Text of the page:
How important is GIS technology to U.S. security? According to a recent Homeland Security Today, GIS is the “backbone.”
The report said 77 Department of Homeland Security-funded and supported intelligence fusion centers collect, process, analyze and distribute information about potential terrorist threats to the U.S. GIS tools are the technology centerpiece of counter-terrorism and disaster response efforts, the magazine said.
“There are all types of data coming into the fusion centers today,” said Russ Johnson, Director of Public Safety and Homeland Security at Esri. “From suspicious activity reports to law enforcement reports, fire reports, phone calls, electronic intercepts and imagery, GIS is beginning to play a really important role in being able to mine databases with common kinds of keywords.”
In fact, as soon as President George W. Bush signed an executive order on October 8, 2001, to create Homeland Security, GIS technology has been a top priority for protecting the United States. In a 2001 white paper, Esri wrote: “the urgent need to develop strategies and methodologies for information access on which we can base our preparedness for homeland security comes with some perspective. The GIS community has years of experience and data at its disposal. Many of us have worked in preparing for and responding to national emergencies such as earthquakes, floods, and wildfires. This experience now enables us to redefine planning and preparedness for the incurred risk of malicious attack. However, the ability to mitigate the effects of any emergency is drastically reduced by lack of forward planning.”
According to the Federal Geographic Data Committee, accurate geospatial information is critical for:
- Facilities and operations susceptible to attack.
- Critical infrastructure, including telecommunications; electrical power systems; gas and oil production, storage and distribution; banking and finance; water supply systems; emergency services.
- Accurate employment data tied to specific locations.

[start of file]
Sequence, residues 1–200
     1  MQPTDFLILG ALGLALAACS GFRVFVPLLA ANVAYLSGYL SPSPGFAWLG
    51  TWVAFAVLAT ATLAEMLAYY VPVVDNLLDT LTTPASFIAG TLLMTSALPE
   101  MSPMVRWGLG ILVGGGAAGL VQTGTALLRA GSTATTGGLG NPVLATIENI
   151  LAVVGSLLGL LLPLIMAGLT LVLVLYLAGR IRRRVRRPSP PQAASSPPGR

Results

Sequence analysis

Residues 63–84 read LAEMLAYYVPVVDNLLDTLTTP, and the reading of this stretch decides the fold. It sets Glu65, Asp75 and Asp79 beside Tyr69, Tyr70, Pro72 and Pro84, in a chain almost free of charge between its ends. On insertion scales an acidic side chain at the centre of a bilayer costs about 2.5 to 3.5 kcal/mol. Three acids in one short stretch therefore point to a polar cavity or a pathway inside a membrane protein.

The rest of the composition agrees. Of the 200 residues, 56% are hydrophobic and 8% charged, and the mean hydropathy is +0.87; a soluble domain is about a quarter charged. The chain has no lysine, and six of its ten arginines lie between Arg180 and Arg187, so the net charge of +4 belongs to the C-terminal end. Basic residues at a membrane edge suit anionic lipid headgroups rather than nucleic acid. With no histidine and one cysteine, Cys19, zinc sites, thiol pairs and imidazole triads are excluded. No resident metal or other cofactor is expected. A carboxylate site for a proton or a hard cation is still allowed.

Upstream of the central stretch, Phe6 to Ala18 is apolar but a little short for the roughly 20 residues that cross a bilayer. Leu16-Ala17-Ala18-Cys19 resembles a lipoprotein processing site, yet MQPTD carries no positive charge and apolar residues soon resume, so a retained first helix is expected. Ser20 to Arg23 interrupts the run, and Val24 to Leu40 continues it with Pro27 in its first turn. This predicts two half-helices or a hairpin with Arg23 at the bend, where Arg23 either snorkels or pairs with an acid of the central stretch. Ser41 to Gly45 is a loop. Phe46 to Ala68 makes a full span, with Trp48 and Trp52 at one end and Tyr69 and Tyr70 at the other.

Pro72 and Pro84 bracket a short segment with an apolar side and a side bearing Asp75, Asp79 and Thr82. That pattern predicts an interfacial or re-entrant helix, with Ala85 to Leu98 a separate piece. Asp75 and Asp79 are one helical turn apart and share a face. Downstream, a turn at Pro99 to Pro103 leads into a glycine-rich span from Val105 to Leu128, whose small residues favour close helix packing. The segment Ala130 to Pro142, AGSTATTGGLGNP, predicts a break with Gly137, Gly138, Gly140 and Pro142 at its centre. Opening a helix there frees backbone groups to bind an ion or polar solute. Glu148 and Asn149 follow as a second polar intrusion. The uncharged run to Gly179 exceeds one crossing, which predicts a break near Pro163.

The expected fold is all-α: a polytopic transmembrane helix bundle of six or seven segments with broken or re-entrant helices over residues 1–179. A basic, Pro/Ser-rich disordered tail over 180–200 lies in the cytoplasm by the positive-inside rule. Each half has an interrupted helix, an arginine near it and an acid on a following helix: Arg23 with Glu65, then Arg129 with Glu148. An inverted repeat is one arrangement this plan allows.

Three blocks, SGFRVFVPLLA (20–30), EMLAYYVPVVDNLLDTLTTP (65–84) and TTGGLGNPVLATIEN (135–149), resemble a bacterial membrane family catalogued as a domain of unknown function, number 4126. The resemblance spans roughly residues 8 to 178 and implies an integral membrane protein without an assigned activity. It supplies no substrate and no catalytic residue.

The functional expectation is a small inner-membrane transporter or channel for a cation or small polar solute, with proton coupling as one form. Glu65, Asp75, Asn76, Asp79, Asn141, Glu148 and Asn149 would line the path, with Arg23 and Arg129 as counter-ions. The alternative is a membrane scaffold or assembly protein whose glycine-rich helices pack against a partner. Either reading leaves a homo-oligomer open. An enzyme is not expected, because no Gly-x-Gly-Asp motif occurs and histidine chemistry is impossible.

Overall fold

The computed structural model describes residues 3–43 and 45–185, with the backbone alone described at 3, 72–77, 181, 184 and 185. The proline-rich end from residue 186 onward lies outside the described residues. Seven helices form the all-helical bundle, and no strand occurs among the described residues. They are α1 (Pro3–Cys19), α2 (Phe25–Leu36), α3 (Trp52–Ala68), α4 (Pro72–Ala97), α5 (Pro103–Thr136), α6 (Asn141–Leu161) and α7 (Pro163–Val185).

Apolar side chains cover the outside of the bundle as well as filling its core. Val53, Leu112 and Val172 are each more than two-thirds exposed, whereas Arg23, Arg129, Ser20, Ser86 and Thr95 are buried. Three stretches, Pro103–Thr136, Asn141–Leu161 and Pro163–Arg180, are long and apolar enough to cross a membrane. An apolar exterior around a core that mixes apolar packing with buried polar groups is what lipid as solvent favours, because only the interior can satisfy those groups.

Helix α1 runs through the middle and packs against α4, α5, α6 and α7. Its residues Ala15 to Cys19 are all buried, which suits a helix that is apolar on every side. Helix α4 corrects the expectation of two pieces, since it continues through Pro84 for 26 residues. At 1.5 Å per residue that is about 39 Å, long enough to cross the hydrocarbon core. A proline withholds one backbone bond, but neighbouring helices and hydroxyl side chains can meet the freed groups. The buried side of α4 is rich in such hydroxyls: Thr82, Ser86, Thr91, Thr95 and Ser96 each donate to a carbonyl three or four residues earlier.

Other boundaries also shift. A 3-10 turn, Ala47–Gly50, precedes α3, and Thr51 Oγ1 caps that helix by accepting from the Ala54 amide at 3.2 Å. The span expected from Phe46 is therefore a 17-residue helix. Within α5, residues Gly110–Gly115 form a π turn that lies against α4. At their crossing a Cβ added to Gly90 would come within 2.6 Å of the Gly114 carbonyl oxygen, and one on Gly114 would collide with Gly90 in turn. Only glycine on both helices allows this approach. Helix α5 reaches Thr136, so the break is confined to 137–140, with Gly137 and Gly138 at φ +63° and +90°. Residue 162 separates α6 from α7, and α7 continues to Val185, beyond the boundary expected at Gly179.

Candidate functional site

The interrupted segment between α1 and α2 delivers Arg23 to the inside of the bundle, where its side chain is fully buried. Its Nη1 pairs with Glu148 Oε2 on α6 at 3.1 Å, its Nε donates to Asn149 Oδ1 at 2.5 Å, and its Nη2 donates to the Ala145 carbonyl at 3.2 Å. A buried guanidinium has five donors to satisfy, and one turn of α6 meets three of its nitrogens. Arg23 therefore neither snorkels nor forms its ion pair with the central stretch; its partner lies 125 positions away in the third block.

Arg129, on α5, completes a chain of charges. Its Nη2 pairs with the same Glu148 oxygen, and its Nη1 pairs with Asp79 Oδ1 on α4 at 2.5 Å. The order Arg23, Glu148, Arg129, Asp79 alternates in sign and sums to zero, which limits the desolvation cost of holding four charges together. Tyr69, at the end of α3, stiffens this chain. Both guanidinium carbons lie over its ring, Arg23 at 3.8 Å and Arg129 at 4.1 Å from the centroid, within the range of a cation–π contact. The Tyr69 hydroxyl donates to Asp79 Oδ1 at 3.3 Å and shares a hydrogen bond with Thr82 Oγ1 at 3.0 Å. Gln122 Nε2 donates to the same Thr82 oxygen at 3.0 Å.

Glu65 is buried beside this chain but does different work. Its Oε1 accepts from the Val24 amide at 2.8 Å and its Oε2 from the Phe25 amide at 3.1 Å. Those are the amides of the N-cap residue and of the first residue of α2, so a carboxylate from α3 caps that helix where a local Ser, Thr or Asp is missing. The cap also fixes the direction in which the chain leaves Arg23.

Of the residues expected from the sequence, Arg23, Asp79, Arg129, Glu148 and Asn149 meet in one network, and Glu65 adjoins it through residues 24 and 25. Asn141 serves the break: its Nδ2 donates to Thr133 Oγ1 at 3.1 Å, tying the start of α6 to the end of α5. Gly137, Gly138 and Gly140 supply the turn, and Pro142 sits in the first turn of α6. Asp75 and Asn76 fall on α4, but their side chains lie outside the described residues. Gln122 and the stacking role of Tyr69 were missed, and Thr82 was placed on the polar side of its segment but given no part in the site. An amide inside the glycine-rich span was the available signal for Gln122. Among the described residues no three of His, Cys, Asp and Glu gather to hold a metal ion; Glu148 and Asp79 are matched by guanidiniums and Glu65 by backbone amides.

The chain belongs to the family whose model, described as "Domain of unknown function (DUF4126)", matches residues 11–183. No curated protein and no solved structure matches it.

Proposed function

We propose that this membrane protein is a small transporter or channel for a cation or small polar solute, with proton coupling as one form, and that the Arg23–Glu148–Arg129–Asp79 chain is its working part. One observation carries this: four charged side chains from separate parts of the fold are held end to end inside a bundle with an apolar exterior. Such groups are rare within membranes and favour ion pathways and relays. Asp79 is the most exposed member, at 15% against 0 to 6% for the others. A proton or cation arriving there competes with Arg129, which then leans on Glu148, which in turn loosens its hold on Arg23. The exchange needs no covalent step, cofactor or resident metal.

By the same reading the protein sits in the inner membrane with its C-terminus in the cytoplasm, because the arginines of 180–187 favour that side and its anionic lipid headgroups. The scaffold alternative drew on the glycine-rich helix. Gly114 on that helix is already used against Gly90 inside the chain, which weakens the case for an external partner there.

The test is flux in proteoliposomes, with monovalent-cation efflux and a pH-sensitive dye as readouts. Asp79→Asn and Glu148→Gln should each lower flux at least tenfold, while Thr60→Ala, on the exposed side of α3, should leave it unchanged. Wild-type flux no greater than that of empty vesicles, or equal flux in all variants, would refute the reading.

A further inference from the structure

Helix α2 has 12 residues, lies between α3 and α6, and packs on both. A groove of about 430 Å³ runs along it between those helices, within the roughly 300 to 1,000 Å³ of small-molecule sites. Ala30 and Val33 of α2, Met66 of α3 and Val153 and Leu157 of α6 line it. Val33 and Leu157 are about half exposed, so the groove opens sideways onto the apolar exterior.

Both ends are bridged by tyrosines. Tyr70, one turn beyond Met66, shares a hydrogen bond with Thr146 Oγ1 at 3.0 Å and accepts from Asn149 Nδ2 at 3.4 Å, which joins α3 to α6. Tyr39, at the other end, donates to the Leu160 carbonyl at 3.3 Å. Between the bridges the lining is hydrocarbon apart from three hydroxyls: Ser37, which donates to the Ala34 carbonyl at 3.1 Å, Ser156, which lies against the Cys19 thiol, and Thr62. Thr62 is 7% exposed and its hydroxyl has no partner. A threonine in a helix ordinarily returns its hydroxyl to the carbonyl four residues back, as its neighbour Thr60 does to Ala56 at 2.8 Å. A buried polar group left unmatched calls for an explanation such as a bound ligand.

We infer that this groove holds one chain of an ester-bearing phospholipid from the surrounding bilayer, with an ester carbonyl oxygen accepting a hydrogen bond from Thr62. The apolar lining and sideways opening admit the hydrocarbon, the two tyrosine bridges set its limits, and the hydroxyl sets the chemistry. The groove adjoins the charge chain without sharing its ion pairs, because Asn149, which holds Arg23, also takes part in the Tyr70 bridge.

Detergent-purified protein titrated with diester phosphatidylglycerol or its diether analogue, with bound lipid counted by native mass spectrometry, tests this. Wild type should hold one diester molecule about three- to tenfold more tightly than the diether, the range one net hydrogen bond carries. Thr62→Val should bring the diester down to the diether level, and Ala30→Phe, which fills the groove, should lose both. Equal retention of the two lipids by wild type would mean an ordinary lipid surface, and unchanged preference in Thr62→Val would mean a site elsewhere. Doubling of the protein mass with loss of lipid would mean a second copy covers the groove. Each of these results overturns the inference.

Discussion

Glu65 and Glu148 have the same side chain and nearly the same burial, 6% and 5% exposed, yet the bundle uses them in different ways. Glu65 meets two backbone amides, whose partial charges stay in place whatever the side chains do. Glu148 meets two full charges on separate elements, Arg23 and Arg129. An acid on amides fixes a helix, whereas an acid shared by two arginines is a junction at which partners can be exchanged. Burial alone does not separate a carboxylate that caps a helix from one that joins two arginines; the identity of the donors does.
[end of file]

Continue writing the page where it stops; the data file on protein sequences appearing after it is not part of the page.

- Detailed and current “framework” data, including orthophotography, transportation, elevation, political boundaries, property ownership, hydrography and geodetic control.
What this means for an GIS master’s degree students are career opportunities. The CIA and FBI are two Homeland Security agencies that regularly look for GIS candidates.
CIA GIS Needs
Since 9/11, each division of Homeland Security has developed its own GIS teams. The Central Intelligence Agency may not publicly detail everything it does with GIS technology, but what is public is the fact it must provide quantitative analysis to enhance the country’s international relations and national security issues.
The CIA also regularly hires Cartographers with pay ranging from $42,861 to $92,000. To be considered for a CIA Cartographer position, one must know Esri ArcView GIS, Esri ArcGIS, Avenza MAPublisher, Intergraph GeoMedia Pro, Microsoft Office, Adobe software such as Illustrator, InDesign, Photoshop, Flash and Acrobat.
GIS technology is also regularly used in other CIA positions. For more information, visit CIA.gov.
FBI GIS Jobs
In the past several years, the FBI has greatly increased its GIS presence and even requested mobile applications to track social medial. According to a 2008 Directions Magazine report, this all goes back to 2005, when the FBI depended on a limited means for sharing information with no coordinated efforts to manage the GIS initiatives. They later created the Domain Management Initiative, or iDomain, a Web-based mapping application based on the National Geospatial-Intelligence Agency’s (NGA) Palanterra.
The combination of iDomain and a better understanding of how GIS can help the country has led to many GIS career opportunities within the FBI.
FBI GIS Engineer Qualifications
▪ Developing Geospatial applications and services using COTS
▪ ArcGIS, ArcSDE, ArcObjects
▪ Geospatial applications in C++ and JAVA
▪ Possess a Secret security clearance and be able to obtain a TS/SCI
For more information, visit https://www.fbijobs.gov